Doubts in murder conviction case against Kevin Keith fuels demands for reconsideration of death penalty in Ohio

An unlikely coalition of death penalty supporters and opponents, including leading conservative politicians, former prosecutors and judges, is attempting to prevent the execution next month of an Ohio man they say was wrongly convicted of murdering a young child and two women.

The group is urging Ohio's governor, Ted Strickland, to spare the life of Kevin Keith, 46, who is scheduled to appear before a parole board hearing today to plead for a pardon or a new trial. If the board rejects the appeal, Strickland will have to decide whether Keith will be executed by lethal injection in September after 16 years on death row.

The case is fuelling demands for a comprehensive reconsideration of the death penalty in Ohio, which carries out the second highest number of executions in the US, after Texas.

More than 30 former prosecutors and judges are pressing Strickland to free Keith or give him a new trial. Among them is Jim Petro, a former Ohio attorney general and Republican who supports the death penalty.

"I am gravely concerned that the State of Ohio may be on the verge of executing an innocent person," he said in a letter to the governor.

Herbert Brown, a former justice on Ohio's supreme court, also wrote to the governor.

"There is a mass of exculpatory evidence, suppressed evidence, faulty eyewitness identification and forensic reports that support legitimate claims of innocence," he said.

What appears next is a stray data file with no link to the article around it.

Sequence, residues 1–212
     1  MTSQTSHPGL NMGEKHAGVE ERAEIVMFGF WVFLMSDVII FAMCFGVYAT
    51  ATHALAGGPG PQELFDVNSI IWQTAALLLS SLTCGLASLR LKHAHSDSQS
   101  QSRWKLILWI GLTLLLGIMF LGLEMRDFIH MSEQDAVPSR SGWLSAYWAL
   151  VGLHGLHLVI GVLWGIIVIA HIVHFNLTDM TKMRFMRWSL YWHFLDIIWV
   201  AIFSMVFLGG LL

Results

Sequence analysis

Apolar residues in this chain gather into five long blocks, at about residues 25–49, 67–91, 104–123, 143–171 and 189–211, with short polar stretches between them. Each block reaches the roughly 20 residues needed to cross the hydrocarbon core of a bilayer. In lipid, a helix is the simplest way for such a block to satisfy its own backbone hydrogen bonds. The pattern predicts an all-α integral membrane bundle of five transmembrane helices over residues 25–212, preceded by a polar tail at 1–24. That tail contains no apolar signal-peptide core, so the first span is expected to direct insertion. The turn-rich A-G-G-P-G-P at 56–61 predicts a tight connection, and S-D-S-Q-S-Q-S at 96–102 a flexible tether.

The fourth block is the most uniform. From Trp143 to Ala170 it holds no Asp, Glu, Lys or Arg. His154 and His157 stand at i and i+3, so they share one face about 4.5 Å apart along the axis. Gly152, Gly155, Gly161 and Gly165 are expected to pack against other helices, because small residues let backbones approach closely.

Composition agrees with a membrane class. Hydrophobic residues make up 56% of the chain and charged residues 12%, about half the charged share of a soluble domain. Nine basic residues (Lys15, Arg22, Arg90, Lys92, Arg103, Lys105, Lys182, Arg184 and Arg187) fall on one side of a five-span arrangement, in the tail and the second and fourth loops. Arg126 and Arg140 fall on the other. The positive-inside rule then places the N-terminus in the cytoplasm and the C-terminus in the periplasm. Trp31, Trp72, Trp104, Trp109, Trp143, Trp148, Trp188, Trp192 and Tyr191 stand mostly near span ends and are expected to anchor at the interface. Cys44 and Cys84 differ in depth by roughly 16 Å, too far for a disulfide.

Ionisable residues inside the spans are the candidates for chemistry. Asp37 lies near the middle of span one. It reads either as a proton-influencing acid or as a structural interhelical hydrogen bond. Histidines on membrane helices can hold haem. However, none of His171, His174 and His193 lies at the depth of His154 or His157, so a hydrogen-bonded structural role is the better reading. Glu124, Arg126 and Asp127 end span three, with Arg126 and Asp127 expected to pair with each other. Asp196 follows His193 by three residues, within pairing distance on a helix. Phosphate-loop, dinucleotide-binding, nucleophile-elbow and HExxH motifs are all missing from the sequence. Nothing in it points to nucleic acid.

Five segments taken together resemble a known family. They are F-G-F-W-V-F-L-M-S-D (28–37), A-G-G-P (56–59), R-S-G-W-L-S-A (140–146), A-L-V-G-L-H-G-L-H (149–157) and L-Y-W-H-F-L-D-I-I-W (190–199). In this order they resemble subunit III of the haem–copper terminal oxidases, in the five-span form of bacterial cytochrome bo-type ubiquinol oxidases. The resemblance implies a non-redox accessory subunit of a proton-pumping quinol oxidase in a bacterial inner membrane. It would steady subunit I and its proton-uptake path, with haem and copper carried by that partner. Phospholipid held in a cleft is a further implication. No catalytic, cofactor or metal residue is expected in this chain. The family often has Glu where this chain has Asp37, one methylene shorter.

Keith was convicted of breaking in to a flat and showering the residents with bullets. When the police arrived they found four year-old Machae Chatman dead alongside her mother, Marichell, and aunt, Linda. Two other children, aged four and seven survived, as did Richard Warren who provided the eyewitness testimony that sent Keith to death row.

At the trial, Keith was accused of murdering the Chatmans because one of their relatives was a police informant who identified him as a drug dealer.

Keith said he had a watertight alibi: four people vouched that he was at his aunt's house 12 miles from the scene of the crime. But the jury convicted him.

Critics have latched on to the likelihood that the police fabricated a crucial piece of evidence that led to his conviction. His trial was told that a nurse who treated Warren, the man who survived the shooting, said the injured man had identified his attacker as someone called Kevin. After the trial, however, no nurse could be found with the name given by the police officer who made the claim, and the nurse who did treat Warren said she never had any such conversation.

There have also been questions about the conduct of the identity parade at which Keith was picked out. The method used has since been outlawed in Ohio.

A number of politicians have also thrown their weight behind the appeal including Republican members of the state legislature who have otherwise strongly supported the death penalty.

A sitting Ohio supreme court justice, Paul Pfeifer, has also thrown his support behind commuting Keith's execution.

Nearly 30 years ago, Pfeifer was one of three state senators who reinstated Ohio's death penalty after it had been declared unconstitutional. Now he is openly questioning whether any of the 160 men and women awaiting execution in the state should be put to death.

Strickland has said that he finds the conviction "troubling" and that he is "looking at that case very seriously".

Keith is optimistic that the level of support will save him from the execution chamber.

"I don't want to die, but I don't want life without parole either," he told the Columbus Dispatch in Ohio. "I want out. I'm innocent. I want a life, but I'm afraid to let myself think about what that might be like because it will hurt that much more if it doesn't happen."

Ohio has commuted five death sentences in the past seven years because of doubts about convictions and three death row inmates have been exonerated through DNA tests.

Death penalty supporters join call for Ohio man to be spared | World news | The Guardian